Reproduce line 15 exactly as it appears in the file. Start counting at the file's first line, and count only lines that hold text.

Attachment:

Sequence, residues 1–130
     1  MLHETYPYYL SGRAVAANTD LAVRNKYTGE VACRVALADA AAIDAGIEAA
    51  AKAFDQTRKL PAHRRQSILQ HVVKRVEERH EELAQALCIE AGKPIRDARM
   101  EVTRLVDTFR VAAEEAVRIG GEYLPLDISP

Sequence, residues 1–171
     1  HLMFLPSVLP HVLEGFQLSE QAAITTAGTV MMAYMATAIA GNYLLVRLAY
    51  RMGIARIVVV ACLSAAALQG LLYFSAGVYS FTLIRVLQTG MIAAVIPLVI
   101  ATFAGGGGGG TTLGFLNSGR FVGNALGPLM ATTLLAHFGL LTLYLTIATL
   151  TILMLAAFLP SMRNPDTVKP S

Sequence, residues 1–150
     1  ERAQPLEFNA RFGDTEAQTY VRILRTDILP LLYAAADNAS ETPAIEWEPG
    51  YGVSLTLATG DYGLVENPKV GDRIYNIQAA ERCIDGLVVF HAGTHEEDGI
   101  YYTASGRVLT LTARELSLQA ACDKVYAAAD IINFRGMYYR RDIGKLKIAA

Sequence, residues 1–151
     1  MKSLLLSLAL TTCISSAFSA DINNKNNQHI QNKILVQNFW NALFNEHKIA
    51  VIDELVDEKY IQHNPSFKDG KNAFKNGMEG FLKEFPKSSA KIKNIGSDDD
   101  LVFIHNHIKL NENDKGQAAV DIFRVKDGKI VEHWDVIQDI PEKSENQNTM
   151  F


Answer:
     1  MKSLLLSLAL TTCISSAFSA DINNKNNQHI QNKILVQNFW NALFNEHKIA